Spinach and kale are two of the best green, leafy vegetables for constipation because they’re so high in magnesium and water. As a result, they help draw water in from the gut to effectively hydrate and soften the stool.

Cruciferous vegetables, like broccoli and cauliflower are also high in magnesium and other electrolytes, plus, they’re an ideal source of prebiotic fiber for healthy gut bacteria.

2. Magnesium Supplements

Although dietary sources of magnesium are best, sometimes it’s okay to use magnesium supplements to treat occasional constipation.

Magnesium citrate and magnesium oxide are the best forms of magnesium for constipation.

These compounds act as osmotic laxatives, meaning they pull water from the intestines, relax the bowels, and loosen the stool.

In a 2011 study, 120 children with constipation were treated with either a placebo or magnesium oxide for one month. The magnesium oxide group had significantly greater serum magnesium concentrations than the control group.

However, magnesium-containing laxatives are not recommended for patients with cardiac or renal problems due to the risk of electrolyte imbalance.

Never take more than the recommended dose to avoid the risk of magnesium overdose.

3. High-Fiber Fruits

Vegetables aren’t the only produce that can improve constipation—fiber-rich fruits can too.

Some of the best fruits to relieve constipation include:

  • Berries (raspberries, blueberries, strawberries, blackberries)
  • Cherries
  • Apples
  • Pears
  • Prunes
  • Figs
  • Avocados
  • Bananas

Adding these foods to your diet can be a tasty way to promote gut motility.

Overall, prunes and figs are some of the best natural fruit laxatives, just try not to eat too many because they are also relatively high in sugar. Eating too much sugar can lead to bacterial imbalances and promote inflammation.

Berries are the healthiest fruit laxatives because they’re packed with antioxidants, low in sugar, and high in anti-inflammatory compounds.

Pears and apples are also great options because they contain pectin fiber, which is known to stimulate the bowels.

Try to get between 25-40 grams of fiber a day.

4. Aloe Vera

Aloe vera juice is one of the most effective natural laxatives.

Plus, it contains over 75 active nutrients, including a full mineral profile of…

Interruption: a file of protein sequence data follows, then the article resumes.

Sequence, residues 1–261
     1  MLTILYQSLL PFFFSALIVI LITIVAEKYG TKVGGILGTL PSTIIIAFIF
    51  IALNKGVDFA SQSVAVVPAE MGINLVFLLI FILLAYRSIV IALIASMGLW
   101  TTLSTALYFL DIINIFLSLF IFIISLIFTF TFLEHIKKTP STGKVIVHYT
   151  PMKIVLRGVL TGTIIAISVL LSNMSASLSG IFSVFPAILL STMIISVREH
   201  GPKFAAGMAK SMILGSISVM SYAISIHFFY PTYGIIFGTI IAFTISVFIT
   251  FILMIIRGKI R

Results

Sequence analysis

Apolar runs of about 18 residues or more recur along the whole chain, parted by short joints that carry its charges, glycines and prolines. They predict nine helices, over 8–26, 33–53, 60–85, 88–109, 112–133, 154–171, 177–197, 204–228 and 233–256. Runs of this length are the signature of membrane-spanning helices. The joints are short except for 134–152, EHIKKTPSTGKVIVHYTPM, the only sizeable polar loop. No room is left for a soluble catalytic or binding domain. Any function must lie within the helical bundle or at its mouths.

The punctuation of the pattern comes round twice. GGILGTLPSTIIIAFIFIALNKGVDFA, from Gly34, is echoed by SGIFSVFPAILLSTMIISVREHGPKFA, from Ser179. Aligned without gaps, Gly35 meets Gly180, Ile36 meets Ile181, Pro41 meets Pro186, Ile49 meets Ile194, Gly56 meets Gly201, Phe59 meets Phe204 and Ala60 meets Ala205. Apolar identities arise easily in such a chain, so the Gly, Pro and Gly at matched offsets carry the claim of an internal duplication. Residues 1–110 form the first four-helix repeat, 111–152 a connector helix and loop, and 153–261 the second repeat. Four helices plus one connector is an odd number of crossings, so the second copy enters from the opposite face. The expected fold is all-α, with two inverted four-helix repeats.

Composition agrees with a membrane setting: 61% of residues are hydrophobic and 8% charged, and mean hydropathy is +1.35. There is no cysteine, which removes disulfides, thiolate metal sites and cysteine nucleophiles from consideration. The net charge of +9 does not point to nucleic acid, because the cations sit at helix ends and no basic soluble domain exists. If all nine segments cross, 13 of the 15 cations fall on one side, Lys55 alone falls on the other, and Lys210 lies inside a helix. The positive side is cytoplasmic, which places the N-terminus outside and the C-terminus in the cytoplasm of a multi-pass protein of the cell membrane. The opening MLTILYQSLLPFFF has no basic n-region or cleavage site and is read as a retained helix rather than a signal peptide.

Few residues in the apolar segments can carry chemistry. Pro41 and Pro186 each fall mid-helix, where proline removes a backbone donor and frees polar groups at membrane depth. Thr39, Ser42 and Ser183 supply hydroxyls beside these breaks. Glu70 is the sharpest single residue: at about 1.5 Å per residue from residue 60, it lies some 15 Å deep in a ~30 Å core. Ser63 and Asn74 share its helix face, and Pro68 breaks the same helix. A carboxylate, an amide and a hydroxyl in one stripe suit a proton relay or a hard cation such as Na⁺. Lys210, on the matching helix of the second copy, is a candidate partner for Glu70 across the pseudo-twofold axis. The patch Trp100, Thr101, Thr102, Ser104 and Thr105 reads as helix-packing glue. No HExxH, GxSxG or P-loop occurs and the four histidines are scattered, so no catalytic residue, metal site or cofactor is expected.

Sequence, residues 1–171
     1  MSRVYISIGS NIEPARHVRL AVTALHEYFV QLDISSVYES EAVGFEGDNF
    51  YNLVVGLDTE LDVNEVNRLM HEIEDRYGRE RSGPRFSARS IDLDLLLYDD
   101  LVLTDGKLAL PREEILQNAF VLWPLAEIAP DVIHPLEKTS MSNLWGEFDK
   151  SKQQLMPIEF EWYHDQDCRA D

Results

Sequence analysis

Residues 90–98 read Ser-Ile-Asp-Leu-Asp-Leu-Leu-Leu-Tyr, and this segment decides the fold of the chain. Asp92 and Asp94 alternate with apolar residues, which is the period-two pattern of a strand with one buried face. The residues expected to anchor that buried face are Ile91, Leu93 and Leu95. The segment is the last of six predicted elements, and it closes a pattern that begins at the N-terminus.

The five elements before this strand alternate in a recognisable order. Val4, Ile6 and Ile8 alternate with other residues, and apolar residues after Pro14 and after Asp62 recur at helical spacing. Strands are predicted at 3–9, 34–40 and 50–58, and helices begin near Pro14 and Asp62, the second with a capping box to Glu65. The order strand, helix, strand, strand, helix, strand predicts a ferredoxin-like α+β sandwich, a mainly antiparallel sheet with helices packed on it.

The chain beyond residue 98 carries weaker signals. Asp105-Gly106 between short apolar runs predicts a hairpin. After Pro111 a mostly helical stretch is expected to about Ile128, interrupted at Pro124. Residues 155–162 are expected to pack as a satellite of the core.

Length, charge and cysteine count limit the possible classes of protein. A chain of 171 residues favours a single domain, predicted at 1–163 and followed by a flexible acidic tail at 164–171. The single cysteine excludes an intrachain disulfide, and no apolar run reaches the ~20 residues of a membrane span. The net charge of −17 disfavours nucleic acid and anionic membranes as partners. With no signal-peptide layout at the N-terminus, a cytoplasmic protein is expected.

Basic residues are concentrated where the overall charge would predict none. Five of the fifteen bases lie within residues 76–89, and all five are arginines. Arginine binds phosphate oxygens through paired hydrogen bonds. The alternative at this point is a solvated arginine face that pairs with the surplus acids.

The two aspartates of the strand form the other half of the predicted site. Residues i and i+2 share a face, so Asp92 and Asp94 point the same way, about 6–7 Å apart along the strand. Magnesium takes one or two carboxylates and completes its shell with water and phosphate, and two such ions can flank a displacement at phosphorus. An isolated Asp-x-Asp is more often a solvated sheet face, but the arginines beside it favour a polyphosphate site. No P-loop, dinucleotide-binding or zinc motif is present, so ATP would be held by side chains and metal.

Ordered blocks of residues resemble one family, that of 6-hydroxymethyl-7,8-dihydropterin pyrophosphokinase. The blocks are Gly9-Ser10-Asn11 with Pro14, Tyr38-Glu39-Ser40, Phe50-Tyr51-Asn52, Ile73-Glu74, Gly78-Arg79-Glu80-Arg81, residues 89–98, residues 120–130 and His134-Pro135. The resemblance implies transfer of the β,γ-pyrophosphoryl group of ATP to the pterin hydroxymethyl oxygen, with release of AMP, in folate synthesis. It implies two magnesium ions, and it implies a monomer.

• Potassium
  • Manganese
  • Magnesium
  • Calcium
  • Selenium
  • Chromium
  • Sodium
  • Zinc

Aloe vera’s laxative compounds are found in its latex: the thin inner layer of yellow color underneath the skin of the leaf.

Aloe latex contains compounds called anthroquinones, including aloin and emodin, which promote bowel movements by pulling water from the intestines, stimulating intestinal contractions, and increasing mucus secretions.

Plus, anthroquinones possess antibacterial, antiviral, and pain-relieving properties.

In one human study, the aloin in aloe vera was more effective at reducing constipation than the stimulant laxative phenolphthalein.

A 2018 meta-analysis published in the Journal of Neurogastroenterology and Motility found that aloe vera can be a safe and effective treatment for irritable bowel syndrome (a common cause of chronic constipation). 

5. Probiotics

Probiotics are healthy gut bacteria that you can take as supplements or eat as food.

Fermented products like kimchi, sauerkraut, kefir, and kombucha contain probiotic organisms that support a well-balanced microbiota. The healthy bacteria they contain can guard against digestive problems like constipation and diarrhea.

Here’s what the research has to say about probiotics and constipation:

  • A 2014 meta-analysis of 14 studies concluded that, “Probiotics may improve whole gut transit time, stool frequency, and stool consistency, with subgroup analysis indicating beneficial effects of B. lactis in particular.”
  • A 2017 meta-analysis of six studies on the effects of probiotics and adolescent constipation found that, “Probiotics increase stool frequency and have beneficial effects in Asian children.”
  • A 2018 A randomized, double-blind, placebo-controlled trial found that, “Probiotics significantly ameliorated stool consistency in patients with chronic constipation.”

Natural remedies for constipation like probiotics and high-fiber produce are the healthiest ways to manage long-term constipation.

At the same time, it’s also important to drink plenty of water and exercise regularly.

With that said, there may be times when it’s appropriate to use an over-the-counter stool softener for short durations.

Olive oil is another natural remedy that may be worth a shot. It works by softening the stool and lubricating the walls of the intestines.

Castor oil, however, is a stimulant laxative with substantial side effects and should be used sparingly.

Always consult with your doctor if you have a history of gastrointestinal issues before experimenting with natural remedies for constipation.